This is the first of several pieces by Stuart Weir, European senior editor for RunBlogRun, who visited the Stockholm DL to cover the meet for our readers. The meet is the last DL prior to the World Outdoor Athletics Championships, to be held July 15-24, 2022 in Eugene, Oregon.
The final Diamond League before the World Championships may have lacked some of the world stars. Very few Americans were in the field. However, if you were looking for excellence, high drama, shocks, poignant moments, and (possibly) a home world record, then the Bauhaus Stockholm Diamond League ticked every box.
The sensible reason why there were hardly any Americans in the field was that flying across the Atlantic twice – with the double jetlag – two weeks before the World Championship did not seem a sensible option. That many countries held their national championships and world championship selection trials last weekend, left athletes physically and mentally exhausted. If the UK is anything to go by, the drawn-out selection process meant that some athletes literally arrived in Stockholm not selected for Oregon but left it in the team.
The two-hour Diamond League TV program included sprints and hurdles, middle and long-distance including a steeplechase. There were jumps and vaults and throws to showcase the range of track and field. The 2-hour 20-minute pre-event program included 11 events. Several were incorrectly called “national”; in fact, these races included a good range of international athletes. Some were of the standard of the later Diamond program. There were also two sprint relays.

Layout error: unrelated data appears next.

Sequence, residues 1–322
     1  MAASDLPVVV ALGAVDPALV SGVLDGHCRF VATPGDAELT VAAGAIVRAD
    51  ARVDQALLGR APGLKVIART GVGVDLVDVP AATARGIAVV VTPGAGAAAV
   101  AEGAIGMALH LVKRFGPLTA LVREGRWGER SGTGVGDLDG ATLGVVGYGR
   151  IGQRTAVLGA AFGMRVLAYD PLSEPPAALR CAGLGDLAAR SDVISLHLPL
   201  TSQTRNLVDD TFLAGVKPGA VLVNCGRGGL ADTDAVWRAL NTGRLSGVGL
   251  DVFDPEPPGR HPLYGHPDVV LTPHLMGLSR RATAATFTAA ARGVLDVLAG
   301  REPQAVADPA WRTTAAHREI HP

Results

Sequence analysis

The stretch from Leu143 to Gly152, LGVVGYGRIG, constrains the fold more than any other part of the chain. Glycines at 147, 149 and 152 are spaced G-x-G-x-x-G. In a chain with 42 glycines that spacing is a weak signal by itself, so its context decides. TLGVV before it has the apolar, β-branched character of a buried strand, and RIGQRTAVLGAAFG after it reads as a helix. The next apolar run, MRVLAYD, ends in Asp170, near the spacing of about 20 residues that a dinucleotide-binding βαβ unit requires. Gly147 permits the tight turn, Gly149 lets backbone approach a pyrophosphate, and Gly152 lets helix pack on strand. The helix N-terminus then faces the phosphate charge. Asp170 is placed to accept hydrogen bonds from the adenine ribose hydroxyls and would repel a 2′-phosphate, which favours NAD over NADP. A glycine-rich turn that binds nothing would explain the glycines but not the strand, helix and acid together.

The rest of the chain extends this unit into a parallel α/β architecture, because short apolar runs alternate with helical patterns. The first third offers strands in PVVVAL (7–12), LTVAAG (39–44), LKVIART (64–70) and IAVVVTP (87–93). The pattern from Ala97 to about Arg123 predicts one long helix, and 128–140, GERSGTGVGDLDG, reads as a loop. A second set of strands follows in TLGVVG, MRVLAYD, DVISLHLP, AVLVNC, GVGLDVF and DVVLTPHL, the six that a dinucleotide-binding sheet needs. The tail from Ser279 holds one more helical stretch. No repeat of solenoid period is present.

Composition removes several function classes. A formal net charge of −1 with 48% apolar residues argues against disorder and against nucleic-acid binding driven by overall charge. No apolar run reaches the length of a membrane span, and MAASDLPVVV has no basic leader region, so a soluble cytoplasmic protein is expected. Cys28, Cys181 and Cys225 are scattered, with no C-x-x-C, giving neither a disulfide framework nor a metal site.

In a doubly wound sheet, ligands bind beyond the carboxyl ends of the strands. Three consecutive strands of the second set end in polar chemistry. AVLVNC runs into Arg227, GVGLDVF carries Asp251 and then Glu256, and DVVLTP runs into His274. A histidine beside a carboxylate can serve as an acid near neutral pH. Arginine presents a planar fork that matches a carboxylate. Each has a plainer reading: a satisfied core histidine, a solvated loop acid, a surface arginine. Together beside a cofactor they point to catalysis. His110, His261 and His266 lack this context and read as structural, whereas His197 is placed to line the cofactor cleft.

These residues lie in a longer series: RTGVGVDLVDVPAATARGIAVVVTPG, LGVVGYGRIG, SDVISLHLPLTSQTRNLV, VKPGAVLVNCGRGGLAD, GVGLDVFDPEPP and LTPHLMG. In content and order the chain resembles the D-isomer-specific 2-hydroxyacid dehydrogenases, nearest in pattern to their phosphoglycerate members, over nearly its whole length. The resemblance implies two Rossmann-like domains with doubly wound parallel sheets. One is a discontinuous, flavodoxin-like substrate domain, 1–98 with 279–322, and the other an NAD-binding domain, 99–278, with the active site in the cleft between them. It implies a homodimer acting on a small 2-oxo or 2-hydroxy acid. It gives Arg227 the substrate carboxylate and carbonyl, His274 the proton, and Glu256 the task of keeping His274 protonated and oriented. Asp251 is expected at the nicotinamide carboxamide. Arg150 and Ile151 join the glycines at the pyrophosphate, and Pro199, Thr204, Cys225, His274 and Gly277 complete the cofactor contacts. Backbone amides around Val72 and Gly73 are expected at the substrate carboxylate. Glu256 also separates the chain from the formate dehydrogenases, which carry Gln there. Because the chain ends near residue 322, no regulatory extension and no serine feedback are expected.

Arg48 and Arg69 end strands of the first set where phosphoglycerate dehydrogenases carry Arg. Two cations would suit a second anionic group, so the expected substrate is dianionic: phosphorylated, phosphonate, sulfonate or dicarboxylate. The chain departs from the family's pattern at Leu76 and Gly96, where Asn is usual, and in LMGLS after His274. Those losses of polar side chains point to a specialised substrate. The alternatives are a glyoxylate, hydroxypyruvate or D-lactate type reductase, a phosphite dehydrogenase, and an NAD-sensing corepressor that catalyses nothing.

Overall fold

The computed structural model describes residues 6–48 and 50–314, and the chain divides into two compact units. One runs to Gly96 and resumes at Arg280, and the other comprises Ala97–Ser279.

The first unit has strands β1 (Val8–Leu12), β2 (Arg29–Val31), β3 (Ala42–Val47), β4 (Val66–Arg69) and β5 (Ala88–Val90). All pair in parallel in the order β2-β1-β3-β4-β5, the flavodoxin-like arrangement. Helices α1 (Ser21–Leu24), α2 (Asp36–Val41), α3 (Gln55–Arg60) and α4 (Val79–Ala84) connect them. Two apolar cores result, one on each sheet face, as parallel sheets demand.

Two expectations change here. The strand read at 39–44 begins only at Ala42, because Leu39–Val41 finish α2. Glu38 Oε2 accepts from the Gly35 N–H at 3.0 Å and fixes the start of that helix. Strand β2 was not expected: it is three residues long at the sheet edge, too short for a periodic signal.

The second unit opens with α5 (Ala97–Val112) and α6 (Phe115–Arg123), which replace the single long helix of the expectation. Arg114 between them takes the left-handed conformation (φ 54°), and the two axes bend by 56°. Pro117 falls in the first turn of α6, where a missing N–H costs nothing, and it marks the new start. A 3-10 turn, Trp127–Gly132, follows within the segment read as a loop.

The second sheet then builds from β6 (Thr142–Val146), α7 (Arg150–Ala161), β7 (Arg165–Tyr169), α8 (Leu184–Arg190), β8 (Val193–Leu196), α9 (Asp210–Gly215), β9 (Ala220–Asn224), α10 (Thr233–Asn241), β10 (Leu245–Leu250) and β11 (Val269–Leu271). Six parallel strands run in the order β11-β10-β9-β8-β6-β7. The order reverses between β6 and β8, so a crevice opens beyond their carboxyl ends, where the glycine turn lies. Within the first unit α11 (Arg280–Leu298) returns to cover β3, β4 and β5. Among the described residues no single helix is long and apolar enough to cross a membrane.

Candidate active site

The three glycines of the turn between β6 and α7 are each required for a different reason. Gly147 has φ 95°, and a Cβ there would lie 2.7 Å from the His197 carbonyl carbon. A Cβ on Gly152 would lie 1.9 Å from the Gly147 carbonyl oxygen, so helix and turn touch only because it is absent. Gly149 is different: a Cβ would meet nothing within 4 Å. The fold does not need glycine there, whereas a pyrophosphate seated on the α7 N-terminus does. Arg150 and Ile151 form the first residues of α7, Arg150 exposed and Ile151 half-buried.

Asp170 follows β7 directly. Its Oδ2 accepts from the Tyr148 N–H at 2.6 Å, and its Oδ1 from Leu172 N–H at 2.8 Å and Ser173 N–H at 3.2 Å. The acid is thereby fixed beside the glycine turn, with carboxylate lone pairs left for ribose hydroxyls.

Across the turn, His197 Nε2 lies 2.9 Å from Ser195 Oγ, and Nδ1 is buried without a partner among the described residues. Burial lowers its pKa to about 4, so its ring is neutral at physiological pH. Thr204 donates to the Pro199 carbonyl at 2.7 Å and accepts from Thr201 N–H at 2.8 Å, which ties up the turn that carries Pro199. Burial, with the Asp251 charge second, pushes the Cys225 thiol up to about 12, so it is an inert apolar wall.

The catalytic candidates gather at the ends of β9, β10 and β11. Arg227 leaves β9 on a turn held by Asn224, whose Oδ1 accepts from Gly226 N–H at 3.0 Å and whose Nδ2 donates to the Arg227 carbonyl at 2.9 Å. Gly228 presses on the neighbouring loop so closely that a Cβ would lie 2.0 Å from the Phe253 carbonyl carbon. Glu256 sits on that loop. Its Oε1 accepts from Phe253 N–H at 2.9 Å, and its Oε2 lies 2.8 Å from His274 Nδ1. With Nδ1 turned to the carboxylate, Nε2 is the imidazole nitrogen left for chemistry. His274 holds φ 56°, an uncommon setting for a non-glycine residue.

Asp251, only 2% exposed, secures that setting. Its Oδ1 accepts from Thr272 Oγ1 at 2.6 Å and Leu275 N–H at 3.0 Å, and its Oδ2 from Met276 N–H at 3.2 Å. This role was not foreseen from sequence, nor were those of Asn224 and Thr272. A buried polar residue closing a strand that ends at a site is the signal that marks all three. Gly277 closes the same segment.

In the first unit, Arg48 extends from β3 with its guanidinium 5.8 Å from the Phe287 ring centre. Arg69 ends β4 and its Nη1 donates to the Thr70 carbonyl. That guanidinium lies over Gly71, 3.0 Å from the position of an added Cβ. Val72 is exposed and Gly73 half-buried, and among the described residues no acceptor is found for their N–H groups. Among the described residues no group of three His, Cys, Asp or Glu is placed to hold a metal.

Sweden’s Mondo Duplantis vaulted 6.16m which may or may not be a world record. The words “WORLD RECORD” flashed across the screens as he did it but the Diamond League website settled for Meeting Record, Diamond League Record, and National Record. The World Athletics website described the dilemma in these terms: Duplantis “did not improve on the absolute 6.20m world record he set indoors at the World Athletics Indoor Championships Belgrade 22 in March, but in clearing 6.16m, he added one centimeter to the highest ever outdoor vault in history”. Sorry, to clarify, are you saying that it is a world record or not? “Maybe”
But if Duplantis held the world record (and his national record) and he vaults higher than he has ever done before, how can that be described as a national record but not a world record? My head hurts. And finally, the ever diplomatic Duplantis said afterward that he was pleased to have been able to “do something special” for his home crowd.
The biggest disappointment was that Olympic 100m champion, Marcell Jacobs, withdrew. The statement said: “After feeling some pain yesterday during the training session and after being under the supervision of his personal medical staff, they have taken the decision not to let him take any risk”.
There were shocks – like Malaika Mihambo jumping 6.72 and finishing fifth. Yaroslava Mahuchikh exited the high jump at 1.89m.
There were eight Ukrainian athletes competing and in a poignant moment, the crowd stood to applaud in support of their country.